As property owners, you must pay Capital Gains Tax on a second property (non-principal residence) when the property is sold or transferred.
For example, if you buys a Whistler townhome for $500,000, and a decade later the property is valued at $750,000 when you die, the capital gain is $250,000. Half of that amount, or $125,000, is taxable.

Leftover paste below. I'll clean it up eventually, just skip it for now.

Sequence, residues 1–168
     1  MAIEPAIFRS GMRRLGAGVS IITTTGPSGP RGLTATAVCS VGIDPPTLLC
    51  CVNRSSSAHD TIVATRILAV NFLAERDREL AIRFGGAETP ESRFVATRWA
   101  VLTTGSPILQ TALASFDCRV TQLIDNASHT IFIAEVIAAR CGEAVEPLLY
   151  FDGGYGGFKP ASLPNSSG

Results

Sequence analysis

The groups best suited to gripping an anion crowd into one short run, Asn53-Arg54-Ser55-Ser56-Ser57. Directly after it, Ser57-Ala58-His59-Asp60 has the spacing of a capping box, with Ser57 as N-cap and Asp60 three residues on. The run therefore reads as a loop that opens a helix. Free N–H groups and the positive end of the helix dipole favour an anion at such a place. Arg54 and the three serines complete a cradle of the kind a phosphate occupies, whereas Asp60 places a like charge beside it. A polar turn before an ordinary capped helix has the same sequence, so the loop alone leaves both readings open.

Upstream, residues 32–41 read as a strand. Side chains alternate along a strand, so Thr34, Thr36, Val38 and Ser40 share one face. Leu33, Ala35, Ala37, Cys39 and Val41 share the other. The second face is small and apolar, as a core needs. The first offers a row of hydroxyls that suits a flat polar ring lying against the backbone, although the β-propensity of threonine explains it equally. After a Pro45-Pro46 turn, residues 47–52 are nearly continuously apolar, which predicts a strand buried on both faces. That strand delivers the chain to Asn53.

However, if your spouse is still alive, ownership can be transferred to him or her. Known as a spousal rollover, this transfer can delay capital gains taxes.
Land use and zoning
If you plan to build a vacation home, you should ask the local municipality about zoning regulations and future development plans.
If you plan to buy property in a remote area, you should be clear about where they’ll get services such as electricity and water. With BC becoming drier, relying on a well might not be the best option.